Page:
Specifically, the new rule [Section 300.720 of the Administrative Rules for the Illinois Wage Payment & Collection Act] states:
a) Any written agreement between employer and claimant permitting or authorizing deductions from wages or final compensation must be given freely at the time the deduction is made. In the case of cash advances, the agreement may be made either at the time of the deduction or at the time of the advance itself.
b) When a deduction is to continue over a period of time and the written agreement provides for that period of time, provides for the same amount of deduction each period and allows for voluntary withdrawal for the deduction, the agreement shall be considered to be given freely at the time the deduction is made.
Note the key points...when obtaining advance authorizations for recurring wage deductions, Illinois employers must carefully include the following details in their written agreements with employees:
- the period of time during which deductions will be made;
- a deduction in the same amount each period; and
- a statement indicating that the employee may voluntarily withdraw his or her authorization for the deduction.
ADVANCED VACATION PAY: When companies advance vacation pay, these same basic principles apply to written repayment agreements. Under the Rules to the Illinois Wage Payment & Collection Act, if an employer permits an employee to take a vacation that has not yet been earned, and the employee resigns or is terminated, the employer may not deduct the unearned vacation pay from the employee's wages or final compensation without a valid signed and dated written agreement. Again, be sure that such a written agreement does not provide for deductions of more than 15% of the employee's gross wages per paycheck and that the employer reserves the right to repay itself in full (even if a deduction of more than 15% of gross is needed from the final paycheck in order for the employer to be paid back).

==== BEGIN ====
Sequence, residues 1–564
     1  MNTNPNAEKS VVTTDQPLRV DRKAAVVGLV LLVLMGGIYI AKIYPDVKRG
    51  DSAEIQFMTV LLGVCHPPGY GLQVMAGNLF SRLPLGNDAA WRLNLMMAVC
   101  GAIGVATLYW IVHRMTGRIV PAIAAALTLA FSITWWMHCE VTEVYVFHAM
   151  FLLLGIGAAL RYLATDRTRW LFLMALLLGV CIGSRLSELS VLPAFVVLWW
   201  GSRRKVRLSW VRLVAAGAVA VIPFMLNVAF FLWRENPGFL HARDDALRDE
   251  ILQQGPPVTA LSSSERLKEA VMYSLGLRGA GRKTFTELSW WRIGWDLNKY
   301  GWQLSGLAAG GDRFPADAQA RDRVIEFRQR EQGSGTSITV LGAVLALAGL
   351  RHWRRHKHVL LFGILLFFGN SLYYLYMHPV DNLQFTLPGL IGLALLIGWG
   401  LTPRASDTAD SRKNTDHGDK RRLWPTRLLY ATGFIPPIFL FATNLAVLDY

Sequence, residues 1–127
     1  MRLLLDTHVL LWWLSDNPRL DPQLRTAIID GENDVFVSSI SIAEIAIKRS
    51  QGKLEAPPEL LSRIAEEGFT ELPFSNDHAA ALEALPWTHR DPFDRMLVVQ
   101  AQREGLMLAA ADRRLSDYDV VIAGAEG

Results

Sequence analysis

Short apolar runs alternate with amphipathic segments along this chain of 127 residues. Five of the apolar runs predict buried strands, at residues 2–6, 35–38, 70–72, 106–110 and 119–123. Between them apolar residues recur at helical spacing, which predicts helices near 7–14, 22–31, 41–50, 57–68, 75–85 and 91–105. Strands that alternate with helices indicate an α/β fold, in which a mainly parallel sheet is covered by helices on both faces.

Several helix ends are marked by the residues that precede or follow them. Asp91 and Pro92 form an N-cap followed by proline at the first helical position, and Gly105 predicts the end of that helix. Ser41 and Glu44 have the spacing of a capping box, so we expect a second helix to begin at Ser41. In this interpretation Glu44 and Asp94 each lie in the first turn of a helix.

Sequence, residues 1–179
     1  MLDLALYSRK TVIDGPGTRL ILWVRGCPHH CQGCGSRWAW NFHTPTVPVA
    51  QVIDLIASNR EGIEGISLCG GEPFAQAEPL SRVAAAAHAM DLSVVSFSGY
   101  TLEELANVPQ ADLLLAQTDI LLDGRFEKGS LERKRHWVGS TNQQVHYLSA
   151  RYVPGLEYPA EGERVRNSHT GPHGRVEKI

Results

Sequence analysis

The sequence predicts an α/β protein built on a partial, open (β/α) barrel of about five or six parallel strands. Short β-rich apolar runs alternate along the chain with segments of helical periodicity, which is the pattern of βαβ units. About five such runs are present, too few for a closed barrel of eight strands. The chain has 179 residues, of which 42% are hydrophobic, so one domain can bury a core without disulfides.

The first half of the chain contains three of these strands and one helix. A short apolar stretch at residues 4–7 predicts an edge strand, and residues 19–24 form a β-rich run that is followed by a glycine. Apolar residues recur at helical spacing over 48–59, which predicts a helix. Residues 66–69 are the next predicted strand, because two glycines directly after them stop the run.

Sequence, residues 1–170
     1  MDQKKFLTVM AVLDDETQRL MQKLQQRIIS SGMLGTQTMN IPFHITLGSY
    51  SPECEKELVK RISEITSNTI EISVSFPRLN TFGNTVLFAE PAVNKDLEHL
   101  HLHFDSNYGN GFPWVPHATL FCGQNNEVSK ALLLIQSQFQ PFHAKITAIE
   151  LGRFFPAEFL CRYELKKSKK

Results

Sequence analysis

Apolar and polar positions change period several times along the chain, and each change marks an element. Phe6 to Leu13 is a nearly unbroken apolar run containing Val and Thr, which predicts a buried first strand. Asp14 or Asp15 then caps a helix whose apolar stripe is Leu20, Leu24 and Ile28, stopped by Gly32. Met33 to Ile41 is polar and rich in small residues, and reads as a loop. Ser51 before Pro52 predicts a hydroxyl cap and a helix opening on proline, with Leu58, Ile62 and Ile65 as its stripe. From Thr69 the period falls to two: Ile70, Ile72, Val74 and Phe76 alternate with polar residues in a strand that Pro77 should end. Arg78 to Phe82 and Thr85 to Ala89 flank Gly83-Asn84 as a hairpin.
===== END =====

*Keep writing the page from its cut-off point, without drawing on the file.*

As an employment lawyer assisting company management, I see many payroll deduction agreements from clients (often when the client is attempting to enforce such an agreement before the Illinois Department of Labor). By following a few simple rules as laid out by Illinois law, the employer can be in a strong legal position to pay themselves back under these written agreements. However, if these rules are not followed precisely, the employer may find to its dismay that the agreement is unenforceable under Illinois law.
Warning! A deduction should not bring an employee's paycheck to a point where it violates minimum wage. No deduction can take place if the deduction would allow an employee's actual received wages to be less than the minimum wage for a particular pay period.
For assistance with evaluating or drafting a valid wage deduction agreement, contact Attorney Nancy E. Joerg who can be reached at Wessels Sherman's St. Charles, Illinois office: 630-377-1554 or email her at [email protected].